While the Concours featured Packards from the 1920s through the early 1950s, we have never seen one at the end of its long history. That year was 1958, a few years after its merger with Studebaker. In the end, Packards were large Studebakers with distinctive trim and front ends. There was a deep burgundy 1958 wagon on display. It was both beautiful and sad, as the distinctions that made a Packard what it was were simply diluted in its final shape. Though it was a beautiful machine, still it marked an end of an era. This is the kind of history we need to witness today.
I did see a theme that no one thought of consciously. At the Concours there were a total of four Lincoln Continentals on display – a 1940 convertible, a 1941 convertible, a 1941 coupe, a 1956 Mark II and a 1967 convertible. Along with other Lincolns on display, no one picked up the significance of the Continentals. We are months away from the return of the Lincoln Continental – perhaps the most significant product for the brand to establish its comeback. This is a historic tie that an automotive person would truly understand.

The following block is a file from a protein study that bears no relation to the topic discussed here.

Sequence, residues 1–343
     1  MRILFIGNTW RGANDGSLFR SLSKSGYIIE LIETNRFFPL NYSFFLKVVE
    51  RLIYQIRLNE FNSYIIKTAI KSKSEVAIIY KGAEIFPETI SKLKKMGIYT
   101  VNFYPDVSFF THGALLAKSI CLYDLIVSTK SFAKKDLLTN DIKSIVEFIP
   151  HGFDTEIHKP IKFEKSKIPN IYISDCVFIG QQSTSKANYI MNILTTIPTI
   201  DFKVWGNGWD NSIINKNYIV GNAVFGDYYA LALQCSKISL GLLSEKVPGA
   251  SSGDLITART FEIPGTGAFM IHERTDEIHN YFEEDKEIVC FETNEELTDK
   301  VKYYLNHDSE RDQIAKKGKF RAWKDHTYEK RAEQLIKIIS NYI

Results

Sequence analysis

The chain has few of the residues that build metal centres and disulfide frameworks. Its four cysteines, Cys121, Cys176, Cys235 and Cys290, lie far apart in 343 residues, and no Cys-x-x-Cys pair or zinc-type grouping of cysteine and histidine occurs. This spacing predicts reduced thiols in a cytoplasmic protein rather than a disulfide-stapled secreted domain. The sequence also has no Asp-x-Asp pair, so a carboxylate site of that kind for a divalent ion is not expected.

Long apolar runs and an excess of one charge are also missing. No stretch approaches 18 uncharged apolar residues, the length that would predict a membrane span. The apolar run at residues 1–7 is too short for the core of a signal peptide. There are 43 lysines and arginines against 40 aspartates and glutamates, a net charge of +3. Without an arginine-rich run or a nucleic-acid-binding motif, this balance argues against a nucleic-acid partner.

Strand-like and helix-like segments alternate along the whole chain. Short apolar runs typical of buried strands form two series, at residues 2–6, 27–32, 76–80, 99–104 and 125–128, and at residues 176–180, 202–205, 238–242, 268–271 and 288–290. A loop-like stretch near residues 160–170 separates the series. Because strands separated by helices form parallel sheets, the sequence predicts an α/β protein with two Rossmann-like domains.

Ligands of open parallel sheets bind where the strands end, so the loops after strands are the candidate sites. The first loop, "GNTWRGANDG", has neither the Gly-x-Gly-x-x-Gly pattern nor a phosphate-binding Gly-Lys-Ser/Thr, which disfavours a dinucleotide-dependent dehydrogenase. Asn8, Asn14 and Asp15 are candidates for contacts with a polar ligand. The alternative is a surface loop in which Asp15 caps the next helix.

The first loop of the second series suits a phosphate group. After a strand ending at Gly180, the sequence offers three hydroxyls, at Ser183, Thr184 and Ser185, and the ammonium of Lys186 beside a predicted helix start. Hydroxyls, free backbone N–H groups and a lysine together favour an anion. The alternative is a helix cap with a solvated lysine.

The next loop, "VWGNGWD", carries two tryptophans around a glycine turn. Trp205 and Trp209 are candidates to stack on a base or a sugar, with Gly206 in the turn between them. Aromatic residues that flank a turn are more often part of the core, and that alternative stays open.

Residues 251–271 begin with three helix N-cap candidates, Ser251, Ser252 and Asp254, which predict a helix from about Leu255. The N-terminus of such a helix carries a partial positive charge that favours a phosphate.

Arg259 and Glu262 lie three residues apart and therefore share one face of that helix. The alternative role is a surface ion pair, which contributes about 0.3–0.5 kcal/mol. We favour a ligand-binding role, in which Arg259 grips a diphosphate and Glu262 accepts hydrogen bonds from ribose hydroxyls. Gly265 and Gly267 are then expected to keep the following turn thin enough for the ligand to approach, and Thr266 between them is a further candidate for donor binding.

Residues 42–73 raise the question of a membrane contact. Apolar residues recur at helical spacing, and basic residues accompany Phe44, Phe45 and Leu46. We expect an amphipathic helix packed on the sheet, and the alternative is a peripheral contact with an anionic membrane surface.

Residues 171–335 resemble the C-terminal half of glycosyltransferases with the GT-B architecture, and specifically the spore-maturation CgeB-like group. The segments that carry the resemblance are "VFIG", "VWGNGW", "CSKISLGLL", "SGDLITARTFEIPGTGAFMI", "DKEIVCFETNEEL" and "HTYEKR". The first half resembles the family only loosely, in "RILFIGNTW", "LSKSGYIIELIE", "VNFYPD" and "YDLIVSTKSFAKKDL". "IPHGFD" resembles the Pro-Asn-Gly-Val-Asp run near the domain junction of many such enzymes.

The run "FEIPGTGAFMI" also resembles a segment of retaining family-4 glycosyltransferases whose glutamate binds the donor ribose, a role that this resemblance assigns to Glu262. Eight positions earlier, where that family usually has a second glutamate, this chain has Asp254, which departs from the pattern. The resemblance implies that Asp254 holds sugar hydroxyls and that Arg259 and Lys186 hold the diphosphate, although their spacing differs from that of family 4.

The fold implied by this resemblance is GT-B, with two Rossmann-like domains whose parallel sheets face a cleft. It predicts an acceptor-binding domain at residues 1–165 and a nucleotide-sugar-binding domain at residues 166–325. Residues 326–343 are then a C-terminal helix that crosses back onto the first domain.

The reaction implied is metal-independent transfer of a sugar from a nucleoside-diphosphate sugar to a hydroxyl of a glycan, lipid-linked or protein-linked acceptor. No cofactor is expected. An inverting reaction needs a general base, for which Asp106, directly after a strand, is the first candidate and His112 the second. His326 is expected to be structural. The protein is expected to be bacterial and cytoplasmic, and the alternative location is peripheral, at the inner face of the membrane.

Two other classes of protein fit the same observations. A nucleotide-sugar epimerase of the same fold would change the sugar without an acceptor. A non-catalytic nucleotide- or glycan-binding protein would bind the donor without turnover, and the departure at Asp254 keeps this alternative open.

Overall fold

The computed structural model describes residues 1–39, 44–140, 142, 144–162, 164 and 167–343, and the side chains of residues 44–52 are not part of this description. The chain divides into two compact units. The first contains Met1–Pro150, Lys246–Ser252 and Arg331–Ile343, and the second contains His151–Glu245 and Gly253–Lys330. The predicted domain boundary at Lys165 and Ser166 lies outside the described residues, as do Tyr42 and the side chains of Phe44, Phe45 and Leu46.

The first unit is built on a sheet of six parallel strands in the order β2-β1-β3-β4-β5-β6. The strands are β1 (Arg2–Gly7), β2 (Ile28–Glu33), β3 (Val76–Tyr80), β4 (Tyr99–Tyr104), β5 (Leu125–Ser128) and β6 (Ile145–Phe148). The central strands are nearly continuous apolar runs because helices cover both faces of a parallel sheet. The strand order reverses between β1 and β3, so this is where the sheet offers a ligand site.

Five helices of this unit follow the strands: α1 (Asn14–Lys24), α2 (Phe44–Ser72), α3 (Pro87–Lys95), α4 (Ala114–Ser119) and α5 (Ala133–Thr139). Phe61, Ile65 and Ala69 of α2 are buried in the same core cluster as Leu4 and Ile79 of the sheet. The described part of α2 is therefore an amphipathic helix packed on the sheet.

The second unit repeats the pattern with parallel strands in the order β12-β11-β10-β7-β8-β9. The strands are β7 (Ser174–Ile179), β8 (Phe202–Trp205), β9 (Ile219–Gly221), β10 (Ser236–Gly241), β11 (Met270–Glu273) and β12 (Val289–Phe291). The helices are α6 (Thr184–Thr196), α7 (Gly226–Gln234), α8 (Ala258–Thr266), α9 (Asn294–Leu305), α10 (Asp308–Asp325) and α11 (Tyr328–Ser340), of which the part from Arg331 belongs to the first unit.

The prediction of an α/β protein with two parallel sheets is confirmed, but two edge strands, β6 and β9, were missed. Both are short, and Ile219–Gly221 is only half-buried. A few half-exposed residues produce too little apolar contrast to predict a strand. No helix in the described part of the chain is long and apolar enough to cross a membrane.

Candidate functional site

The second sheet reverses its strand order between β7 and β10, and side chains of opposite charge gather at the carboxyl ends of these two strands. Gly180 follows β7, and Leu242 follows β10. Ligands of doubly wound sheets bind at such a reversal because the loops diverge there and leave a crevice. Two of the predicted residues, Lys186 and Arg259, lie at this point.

There was also a nod to local automotive history. If you saw the meek (and absolutely excellent) 1950 Ford Business Coupe, there was one piece of trivia one might not know unless you talked to its owner. That car was built at the Ford plant in St. Paul. Never mind the fact that it was the lowest priced car in the Ford lineup in 1950 or that it had an L-head in-line six while the ground-breaking (for 1932) flathead V8 was still being offered in higher models. (Ford historians will tell you that the flathead V8 was about to shelved forever a few years later.) Oh, and it only sat three people across, as the rear seating area was used for storage of salesmen’s examples or wares.
I am grateful for the 10,000 Lakes Concours d'Elegance selection committee to have the foresight to bring in vehicles that provoke memories and educate newer enthusiasts of our vehicular history. The intention was clear to engage with those interested in seeing the past in its purest form. Perhaps it took a year away from this event to confirm that these intentions were still in place, even with the addition of other conveyances on display.